Jhonny Peralta: 0-4
Moving from the Tigers to the Cardinals this past offseason, Jhonny Peralta can be an impact player on any club. Despite a performance enhancing drug suspension last season, Peralta was signed by the Cards to man the shortstop position for the coming season, and while he went hitless in his first game of the year (he looked solid defensively), many are looking for Peralta to have a great season. With an already fantastic team from top to bottom, Peralta could find himself apart of a very special season.
Nelson Cruz: 1-2, with a solo homer
Yet another player who served a suspension last season due to performance enhancing drug use, Nelson Cruz is a major power threat, nonetheless, and was a great pickup by the Orioles. He proved that threat first hand on Opening Day, blasting a solo home run in one of his two official at-bats of the game. With a lineup of several power sources already — Adam Jones, Chris Davis, and Manny Machado, once he returns — Cruz combines together to make for a very formidable Orioles lineup.
Michael Morse: 1-3, with a strikeout
Though he isn’t the best power hitter in baseball, Michael Morse has the potential to go on hot streaks in which he can rack up a good amount of home runs in no time. Bouncing around between teams over the past few seasons, Morse wound up with the Giants this past offseason, and is sure to be a key part of their lineup moving forward. Going 1-3 on Opening Day, Morse is part of a very good Giants team, and if he can perform to his potential throughout the year, they could do very well.
Grady Sizemore: 2-4, with a solo homer
One of the best stories of the year, Grady Sizemore joined the Red Sox in January, after not having played in a major league game since 2011 due to a multitude of injuries. He was subsequently put up against promising prospect Jackie Bradley Jr. during Spring Training, having to prove himself worthy of the Opening Day center field spot. Sizemore wound up having a fantastic Spring, winning the job, and had a great return game in Baltimore, going 2-4, including a towering home run to right field.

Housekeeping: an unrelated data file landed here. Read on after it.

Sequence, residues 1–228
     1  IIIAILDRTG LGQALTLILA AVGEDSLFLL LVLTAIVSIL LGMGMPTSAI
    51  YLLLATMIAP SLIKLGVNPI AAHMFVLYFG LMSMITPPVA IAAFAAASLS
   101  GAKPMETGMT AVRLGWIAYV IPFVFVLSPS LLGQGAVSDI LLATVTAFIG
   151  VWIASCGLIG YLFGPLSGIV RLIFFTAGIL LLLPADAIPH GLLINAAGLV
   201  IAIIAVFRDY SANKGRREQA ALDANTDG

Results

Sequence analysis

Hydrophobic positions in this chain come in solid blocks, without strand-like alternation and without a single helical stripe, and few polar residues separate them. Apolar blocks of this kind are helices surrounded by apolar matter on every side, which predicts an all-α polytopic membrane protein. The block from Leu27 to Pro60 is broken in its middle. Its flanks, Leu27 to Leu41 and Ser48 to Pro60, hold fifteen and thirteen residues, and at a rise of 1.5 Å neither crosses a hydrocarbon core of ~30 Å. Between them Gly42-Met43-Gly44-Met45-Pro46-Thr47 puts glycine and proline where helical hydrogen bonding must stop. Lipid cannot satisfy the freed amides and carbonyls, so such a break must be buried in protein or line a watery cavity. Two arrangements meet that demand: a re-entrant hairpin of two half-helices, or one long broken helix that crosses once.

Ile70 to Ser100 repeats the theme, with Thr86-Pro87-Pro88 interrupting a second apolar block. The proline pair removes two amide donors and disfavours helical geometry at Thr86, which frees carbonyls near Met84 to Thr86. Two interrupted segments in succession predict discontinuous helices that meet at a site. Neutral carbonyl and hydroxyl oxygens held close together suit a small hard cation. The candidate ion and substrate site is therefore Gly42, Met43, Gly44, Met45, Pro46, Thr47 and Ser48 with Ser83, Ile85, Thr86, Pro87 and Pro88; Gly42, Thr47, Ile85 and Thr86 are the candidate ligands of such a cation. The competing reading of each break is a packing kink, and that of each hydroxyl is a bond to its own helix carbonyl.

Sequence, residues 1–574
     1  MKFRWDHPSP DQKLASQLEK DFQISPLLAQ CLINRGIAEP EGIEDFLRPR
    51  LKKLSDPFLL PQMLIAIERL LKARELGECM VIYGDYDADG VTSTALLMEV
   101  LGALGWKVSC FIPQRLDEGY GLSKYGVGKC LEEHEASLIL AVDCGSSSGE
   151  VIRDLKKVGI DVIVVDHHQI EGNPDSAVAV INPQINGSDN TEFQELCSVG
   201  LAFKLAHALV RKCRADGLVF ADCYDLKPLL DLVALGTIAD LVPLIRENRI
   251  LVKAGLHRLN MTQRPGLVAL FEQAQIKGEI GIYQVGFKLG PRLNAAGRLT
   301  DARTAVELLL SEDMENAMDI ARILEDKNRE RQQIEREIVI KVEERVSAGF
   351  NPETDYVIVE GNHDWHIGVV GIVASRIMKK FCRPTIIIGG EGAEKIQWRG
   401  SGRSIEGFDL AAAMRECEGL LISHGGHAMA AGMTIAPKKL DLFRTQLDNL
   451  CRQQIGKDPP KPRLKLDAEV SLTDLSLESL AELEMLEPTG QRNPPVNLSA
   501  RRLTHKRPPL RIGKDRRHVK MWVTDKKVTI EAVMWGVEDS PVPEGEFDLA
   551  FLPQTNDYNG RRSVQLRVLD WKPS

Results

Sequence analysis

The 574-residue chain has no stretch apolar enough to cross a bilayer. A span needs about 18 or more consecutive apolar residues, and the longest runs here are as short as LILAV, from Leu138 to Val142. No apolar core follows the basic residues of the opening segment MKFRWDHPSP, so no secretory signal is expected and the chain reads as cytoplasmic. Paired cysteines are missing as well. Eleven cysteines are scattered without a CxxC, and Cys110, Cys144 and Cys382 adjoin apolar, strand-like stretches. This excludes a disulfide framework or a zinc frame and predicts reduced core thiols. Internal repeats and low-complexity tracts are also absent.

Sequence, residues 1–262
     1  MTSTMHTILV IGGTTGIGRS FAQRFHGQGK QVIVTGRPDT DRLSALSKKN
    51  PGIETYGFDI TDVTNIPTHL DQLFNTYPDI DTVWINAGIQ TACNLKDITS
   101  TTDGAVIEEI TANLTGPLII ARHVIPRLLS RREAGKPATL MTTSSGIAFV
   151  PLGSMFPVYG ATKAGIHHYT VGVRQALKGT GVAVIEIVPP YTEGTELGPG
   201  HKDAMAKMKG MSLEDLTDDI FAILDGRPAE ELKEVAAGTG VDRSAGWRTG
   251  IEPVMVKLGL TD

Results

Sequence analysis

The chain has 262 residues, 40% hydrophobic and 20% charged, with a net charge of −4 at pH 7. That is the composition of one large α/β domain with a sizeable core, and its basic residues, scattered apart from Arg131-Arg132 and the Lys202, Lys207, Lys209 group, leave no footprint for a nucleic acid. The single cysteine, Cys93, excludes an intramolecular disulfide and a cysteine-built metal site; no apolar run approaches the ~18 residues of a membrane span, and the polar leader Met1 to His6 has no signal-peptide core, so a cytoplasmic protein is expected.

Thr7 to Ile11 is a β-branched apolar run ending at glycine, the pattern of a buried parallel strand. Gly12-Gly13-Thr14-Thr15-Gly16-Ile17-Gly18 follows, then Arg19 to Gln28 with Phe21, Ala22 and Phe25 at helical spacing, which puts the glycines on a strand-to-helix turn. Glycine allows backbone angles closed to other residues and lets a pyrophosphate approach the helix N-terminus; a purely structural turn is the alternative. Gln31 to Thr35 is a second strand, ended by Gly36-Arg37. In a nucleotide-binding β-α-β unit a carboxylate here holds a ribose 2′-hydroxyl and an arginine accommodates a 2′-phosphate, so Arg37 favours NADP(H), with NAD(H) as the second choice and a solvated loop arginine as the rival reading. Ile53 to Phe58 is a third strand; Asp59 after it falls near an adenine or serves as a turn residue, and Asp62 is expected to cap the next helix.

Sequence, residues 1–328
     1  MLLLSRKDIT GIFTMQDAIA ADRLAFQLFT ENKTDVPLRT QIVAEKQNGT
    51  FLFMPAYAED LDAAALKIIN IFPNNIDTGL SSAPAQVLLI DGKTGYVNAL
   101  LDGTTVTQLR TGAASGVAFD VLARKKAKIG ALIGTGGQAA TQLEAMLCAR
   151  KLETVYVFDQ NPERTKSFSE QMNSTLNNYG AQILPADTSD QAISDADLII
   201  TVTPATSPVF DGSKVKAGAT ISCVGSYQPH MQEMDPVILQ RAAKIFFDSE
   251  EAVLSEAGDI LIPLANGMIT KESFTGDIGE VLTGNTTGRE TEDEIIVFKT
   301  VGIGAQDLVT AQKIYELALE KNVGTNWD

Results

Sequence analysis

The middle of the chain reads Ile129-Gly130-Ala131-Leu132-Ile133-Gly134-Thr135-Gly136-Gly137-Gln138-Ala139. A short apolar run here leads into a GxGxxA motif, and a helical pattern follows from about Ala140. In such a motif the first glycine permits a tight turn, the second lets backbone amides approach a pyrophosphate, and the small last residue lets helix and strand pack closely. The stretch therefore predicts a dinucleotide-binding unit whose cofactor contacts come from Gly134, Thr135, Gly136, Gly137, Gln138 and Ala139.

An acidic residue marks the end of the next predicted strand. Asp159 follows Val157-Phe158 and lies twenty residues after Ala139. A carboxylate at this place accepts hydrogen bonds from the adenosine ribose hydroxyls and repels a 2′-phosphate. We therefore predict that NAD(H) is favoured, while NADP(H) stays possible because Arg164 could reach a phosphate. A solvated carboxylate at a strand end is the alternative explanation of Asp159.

Prince Fielder: 1-5
Part of a trade between the Tigers and Rangers, which sent Prince Fielder to the Rangers in return for Ian Kinsler, the Rangers definitely have a much better lineup than they did last season. While Fielder went just 1-5 on Opening Day, on a mere single, he possesses one of the biggest power bats in all of baseball. He should get things going and come close to, if not exceeding, his previous averages of over 30 homers and 100 RBI’s a season. For the Rangers to beat out the Athletics in the division, they need Fielder to get hot.
Shin-Soo Choo: 0-4
Known for getting on base better than pretty much anyone all of last season, putting together a .423 on base percentage, the Rangers signed Shin-Soo Choo to a major deal this offseason, looking for him to continue to be the same type of player. But he didn’t start his year off all that well, going 0-4 in game one, though he did reach first on a walk. Despite his poor debut with the Rangers, Choo should be fine. He’s not going to hit you a ton of home runs, but if he can get on base, the rest of the lineup will take care of the runs.
Ian Kinsler: 0-4
The piece that the Tigers got in return for sending Prince Fielder to the Rangers, Ian Kinsler can contribute both offensively and defensively. Though the Tigers lost a major run producer in Fielder, and they will undoubtedly miss his presence throughout the long season (with Miguel Cabrera having to carry the Tigers more than ever), Kinsler, although he went hitless in his first game in a Tigers uniform, should make an impact for the Tigers, who are predicted by many to run away with the division.